I first started working on the idea for Payaca back in 2018. I wanted to build a simple quoting app, but there was a key question:
Could businesses use our app to quote for work and include simple customer finance options?
I knew from launching a heating installation company from within a larger business that offering finance could form part of an easier buying experience, but the complex Financial Conduct Authority (FCA) regulations made it very difficult for the smaller businesses to offer these options.
The original solution was simple, but involved weeks of research and a prolonged negotiation with the FCA. In short, we included a link within a quote to a loan comparison page. Customers could apply, find the best rate for them, take an unsecured loan directly, then use it in full or part to fund home improvement work. This solution was simple but limited a company using Payaca purely to share information, which was handled by our quote in a very controlled way.
Later we added directly offered options where you could work with one of our partners to offer the finance plan in a way that linked it directly to the quoted work. It delivered a slicker buying experience that was more like a typical e-commerce journey that people were used to. However, it came with much higher risks for everyone involved.
We had 4 key issues:
Our first problem has always been communicating the value of finance. It’s useful to offer it as an additional payment option at the point a customer has already chosen to buy, but often we found that businesses saw it as a silver bullet that was going to bring in lots of new leads.
In reality, customers choosing a business because they offer finance hadn’t bought into the value of working with that business. They didn’t turn into valuable customer relationships.
We also found many customers overestimated their credit rating and saw higher decline rates than expected. Many times, although unfairly, this reflected badly on the business offering it. Many times we heard that a customer had a “perfect credit rating”, but got declined. Models lenders use to offer credit are a complete black box from the outside, which is a terrible customer experience.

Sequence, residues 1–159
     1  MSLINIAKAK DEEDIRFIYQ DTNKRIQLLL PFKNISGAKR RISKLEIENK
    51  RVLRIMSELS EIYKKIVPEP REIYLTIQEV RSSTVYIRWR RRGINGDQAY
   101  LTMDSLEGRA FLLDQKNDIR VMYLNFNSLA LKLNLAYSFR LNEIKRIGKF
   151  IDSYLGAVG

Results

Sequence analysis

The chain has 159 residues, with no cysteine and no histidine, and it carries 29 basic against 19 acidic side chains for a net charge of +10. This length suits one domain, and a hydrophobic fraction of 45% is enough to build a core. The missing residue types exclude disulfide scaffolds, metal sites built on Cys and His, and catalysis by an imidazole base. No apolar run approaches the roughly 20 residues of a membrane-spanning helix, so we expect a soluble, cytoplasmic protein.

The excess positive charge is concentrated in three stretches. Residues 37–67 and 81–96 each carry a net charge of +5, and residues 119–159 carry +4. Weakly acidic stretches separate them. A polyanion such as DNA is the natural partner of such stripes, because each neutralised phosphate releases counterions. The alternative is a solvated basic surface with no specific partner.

With our simple solution, if a customer had a bad credit rating they were offered a higher rate. It’s hard to communicate why this is and it wasn’t our place to do so. We worked with multiple top lenders, so we were fairly confident most of the time the rates offered would be close to the best available for that customer.
The second problem was losing control of the customer experience, partners we worked with always had the best intentions but we found they often fell short of the level of customer experience we strived for. We often spent hours acting as a go between trying to fix communication problems. We also struggled to work with outdated technical solutions with too much scope for human error, we always tried to bring in better processes but always hit uncrossable hurdles that relied on a third party.
As we started to add huge amounts of value to our product outside of simple quoting and invoicing, we were finding that accounting for finance as a feature massively slowed us down. Every member of our team had some involvement in managing the process both in the tech team and customer facing roles. Time spent on finance always came at the expense of supporting businesses in every other area, and this didn’t feel fair.
Over the past few weeks in coming to the decision to remove finance, we spent hours talking to our customers to gather their feedback. We found that 80% weren’t bothered either way, 10% actively disliked it and 10% really valued it. When we looked at the 10% who really valued it the data showed us that most had very minimal, if any, actual success with it. The only real argument here is related to the perceived value of offering it (i.e. looking more professional, offering more options to help customers).
For the 10% of customers that do value finance, we’re working with them and our partners to offer ways that they can continue to access this support.
Overall it’s clear to me that we can deliver much more value to you without finance than we can with it.
We’re removing all support for finance features by the end of March 2022.
The reason for doing it so quickly is it will quickly free us up to make rapid progress in the key areas we’re focused on (and much more to come):
This is just the start and will be delivered over the next couple of months, the rate we can deliver value will continue to accelerate.
As ever we highly value your continued feedback, you can and I’m sure will help shape our product.
Many thanks for your continued support.
Founder & CEO of Payaca